Challenge 4. Teaching students with different learning styles.
Solution: Using a variety of instructional strategies and materials will cover different styles of learning. (See more at Diverse Ways of Learning)
Challenge 5. Maintaining instructor and student presence in an online course.
Solution: Using active learning strategies online maximizes the perceived instructor and student presence online. Discussion board and social interaction programs help assist in the socialization process.
Cobb, S. C. (2011). Social presence, satisfaction, and perceived learning of RN-to-BSN students in web-based nursing courses. Nursing Education Perspectives, 32(2), 115-119.
Mayne, L. A., & Wu, Q. (2011). Creating and measuring social presence in online graduate nursing courses. Nursing Education Perspectives, 32(2), 110-114.
Steinweg, S. B., Trujillo, L., Jeffs, T., & Warren, S. H. (2006). Maintaining the personal touch in a growing program: strategies for establishing social presence in online classes. Journal of the Research Center for Educational Technology, 2(2), 15-22. Retrieved from http://www.rcetj.org/index.php/rcetj/article/view/81/137
Challenge 6. Lack of student computer skills
Online students need to be comfortable with basic skills in the following areas: word processing, Web creation, PowerPoint basics, research strategies (including electronic searching), basic keyboarding skills and content managements systems skills.
Solution: Some institutions require students to take a short course in how to be an effective online learner, where they learn the basic skills needed to take an online course. Duke University has many resources available for faculty and students through the Duke University Office of Information Technology (OIT).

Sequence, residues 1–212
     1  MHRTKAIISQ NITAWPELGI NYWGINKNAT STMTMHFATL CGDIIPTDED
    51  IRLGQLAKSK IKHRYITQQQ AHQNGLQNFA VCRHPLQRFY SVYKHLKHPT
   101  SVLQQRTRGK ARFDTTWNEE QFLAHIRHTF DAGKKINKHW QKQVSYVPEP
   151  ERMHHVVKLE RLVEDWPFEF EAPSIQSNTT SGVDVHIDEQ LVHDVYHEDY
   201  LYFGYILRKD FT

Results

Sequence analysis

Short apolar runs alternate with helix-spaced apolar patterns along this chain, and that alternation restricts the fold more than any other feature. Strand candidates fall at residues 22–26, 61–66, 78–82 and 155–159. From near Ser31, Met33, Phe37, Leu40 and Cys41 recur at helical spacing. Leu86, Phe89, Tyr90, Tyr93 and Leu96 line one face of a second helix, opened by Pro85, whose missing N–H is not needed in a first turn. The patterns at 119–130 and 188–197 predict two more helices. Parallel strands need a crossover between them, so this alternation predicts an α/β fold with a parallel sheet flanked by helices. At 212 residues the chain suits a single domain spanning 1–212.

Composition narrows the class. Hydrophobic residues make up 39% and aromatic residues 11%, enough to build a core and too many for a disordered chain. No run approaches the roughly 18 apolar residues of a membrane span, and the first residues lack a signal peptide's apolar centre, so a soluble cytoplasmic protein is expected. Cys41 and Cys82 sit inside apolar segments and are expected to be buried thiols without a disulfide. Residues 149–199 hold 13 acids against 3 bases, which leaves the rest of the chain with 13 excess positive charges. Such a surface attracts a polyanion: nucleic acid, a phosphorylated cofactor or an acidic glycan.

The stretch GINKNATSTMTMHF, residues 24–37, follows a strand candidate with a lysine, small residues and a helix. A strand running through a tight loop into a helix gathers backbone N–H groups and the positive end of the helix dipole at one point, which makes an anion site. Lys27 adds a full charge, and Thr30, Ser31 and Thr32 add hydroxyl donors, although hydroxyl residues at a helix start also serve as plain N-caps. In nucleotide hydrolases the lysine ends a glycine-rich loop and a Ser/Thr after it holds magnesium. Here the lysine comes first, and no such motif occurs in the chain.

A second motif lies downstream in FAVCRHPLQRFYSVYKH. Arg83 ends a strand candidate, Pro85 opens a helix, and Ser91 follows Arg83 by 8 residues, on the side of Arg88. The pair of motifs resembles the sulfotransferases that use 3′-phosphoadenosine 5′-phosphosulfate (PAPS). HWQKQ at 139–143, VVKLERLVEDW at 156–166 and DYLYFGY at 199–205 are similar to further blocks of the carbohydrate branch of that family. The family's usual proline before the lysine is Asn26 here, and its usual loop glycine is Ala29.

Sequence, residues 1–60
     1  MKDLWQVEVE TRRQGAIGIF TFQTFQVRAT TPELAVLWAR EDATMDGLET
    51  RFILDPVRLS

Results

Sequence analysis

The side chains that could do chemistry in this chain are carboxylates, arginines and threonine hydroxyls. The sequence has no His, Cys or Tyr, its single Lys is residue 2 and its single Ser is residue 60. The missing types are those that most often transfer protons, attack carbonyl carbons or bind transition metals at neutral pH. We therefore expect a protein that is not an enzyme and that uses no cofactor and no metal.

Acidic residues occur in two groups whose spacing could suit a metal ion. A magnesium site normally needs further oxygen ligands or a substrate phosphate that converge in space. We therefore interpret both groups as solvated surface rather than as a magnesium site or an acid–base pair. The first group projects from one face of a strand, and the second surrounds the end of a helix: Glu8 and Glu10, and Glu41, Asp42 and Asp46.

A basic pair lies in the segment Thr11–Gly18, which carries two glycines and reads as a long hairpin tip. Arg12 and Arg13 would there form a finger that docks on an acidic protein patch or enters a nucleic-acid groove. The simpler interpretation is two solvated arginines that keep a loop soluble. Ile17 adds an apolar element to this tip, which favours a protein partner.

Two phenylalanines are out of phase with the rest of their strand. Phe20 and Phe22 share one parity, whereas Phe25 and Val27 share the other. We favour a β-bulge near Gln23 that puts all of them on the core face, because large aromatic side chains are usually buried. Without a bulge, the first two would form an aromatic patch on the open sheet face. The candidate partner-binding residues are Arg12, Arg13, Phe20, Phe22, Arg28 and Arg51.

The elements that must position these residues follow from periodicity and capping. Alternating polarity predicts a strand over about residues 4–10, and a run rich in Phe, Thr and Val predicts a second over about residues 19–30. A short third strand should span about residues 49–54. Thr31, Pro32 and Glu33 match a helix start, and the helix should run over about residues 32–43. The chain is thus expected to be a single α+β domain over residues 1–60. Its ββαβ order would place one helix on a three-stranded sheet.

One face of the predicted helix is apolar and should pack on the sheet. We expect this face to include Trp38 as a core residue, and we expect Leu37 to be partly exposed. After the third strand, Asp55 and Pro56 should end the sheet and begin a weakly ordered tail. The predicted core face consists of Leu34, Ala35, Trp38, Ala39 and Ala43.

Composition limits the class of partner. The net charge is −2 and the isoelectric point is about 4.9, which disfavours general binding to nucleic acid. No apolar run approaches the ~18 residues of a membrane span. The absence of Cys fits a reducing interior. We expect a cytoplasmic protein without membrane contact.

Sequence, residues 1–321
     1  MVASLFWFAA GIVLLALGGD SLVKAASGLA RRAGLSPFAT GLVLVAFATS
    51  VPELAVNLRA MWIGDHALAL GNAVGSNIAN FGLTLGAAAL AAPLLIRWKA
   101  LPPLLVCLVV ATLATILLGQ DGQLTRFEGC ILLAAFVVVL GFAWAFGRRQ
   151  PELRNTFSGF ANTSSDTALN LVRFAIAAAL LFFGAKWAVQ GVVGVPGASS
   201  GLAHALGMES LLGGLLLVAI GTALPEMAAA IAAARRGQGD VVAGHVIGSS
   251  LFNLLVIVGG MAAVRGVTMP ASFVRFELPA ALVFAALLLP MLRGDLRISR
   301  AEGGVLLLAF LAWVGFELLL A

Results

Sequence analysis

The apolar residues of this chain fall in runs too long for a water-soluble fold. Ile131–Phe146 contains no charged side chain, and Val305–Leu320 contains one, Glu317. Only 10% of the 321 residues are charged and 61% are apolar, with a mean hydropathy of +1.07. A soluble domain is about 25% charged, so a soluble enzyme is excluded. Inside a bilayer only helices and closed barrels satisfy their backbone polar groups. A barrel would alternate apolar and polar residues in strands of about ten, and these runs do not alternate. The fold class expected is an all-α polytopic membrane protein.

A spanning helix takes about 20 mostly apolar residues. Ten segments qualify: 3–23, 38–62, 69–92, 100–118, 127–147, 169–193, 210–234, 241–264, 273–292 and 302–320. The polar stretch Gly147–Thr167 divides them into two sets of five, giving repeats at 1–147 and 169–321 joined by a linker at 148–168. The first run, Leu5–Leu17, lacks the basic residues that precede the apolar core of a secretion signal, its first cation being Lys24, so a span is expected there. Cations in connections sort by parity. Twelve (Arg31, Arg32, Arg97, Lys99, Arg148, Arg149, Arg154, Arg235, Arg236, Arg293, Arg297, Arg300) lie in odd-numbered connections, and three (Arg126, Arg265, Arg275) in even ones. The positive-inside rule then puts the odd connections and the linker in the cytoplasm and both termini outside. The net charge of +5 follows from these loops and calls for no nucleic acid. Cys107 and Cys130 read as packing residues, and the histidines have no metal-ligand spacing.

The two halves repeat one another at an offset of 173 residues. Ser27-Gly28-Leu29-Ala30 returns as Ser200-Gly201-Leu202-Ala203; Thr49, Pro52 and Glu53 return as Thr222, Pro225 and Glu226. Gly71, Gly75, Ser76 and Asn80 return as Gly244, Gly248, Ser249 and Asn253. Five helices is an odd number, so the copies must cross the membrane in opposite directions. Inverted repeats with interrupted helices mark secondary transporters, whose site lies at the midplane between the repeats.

Challenge 7. Cultural and generational issues that impact collaboration and interaction among participants.
When a course involves students from two or more countries or cultures, it can be an exciting learning opportunity; however, differences in values, attitudes and customs can unknowingly alienate or incite a student’s contribution.
Solution: Promoting active learning activities where learners share their own background and discuss their own perspectives can enhance learning on many levels.
Bednarz, H., Schim, S., & Doorenbos, A. (2010). Cultural diversity in nursing education: perils, pitfalls, and pearls. Journal of Nursing Education, 49(5), 253-260. doi: 10.3928/01484834-20100115-02
Billings, D. M. (2008). Inclusive teaching. Journal of Continuing Education in Nursing, 39(7), 296-297. doi: 10.3928/00220124-20080701-13
Chen, A.-Y., Mashhadi, A., Ang, D., & Harkrider, N. (1999). Cultural issues in the design of technology-enhanced learning systems. British Journal of Educational Technology, 30(3), 217-230. doi: 10.1111/1467-8535.00111
Connor, V. (2011, Oct. 7). Communication barriers: keeping the walls down in the online classroom, from http://gettingsmart.com/blog/2011/10/communication-barriers-keeping-the-walls-down-in-the-online-classroom/
Hannon, J., & D’Netto, B. (2007). Cultural diversity online: student engagement with learning technologies. International Journal of Educational Management, 21(5), 418-432.
Reushle, S., & McDonald, J. (2000). Web-based student learning: accommodating cultural diversity. Indian Journal of Open Learning, 9(3), 351-359.
Picciano, A. G. (2001). Distance Learning: Marking Connections Across Virtual Space and Time. Upper Saddle River, NJ: Prentice-Hall, Inc.
Picciano, A. G. (2006): Blended learning: Implications for growth and access. Journal of Asynchronous Learning Networks, 10(3): 95-102.
Sammons, M. (2003). Exploring the new conception of teaching and learning in distance education. In M. G. Moore & W. G. Anderson (Eds.), Handbook of Distance Education (pp. 387–400). Mahwah, NJ: Lawrence Erlbaum Associates.
Whitehead, J. (n.d.). Challenges of online education. 180 Technology Tips. Retrieved from http://www.180techtips.com/article5.htm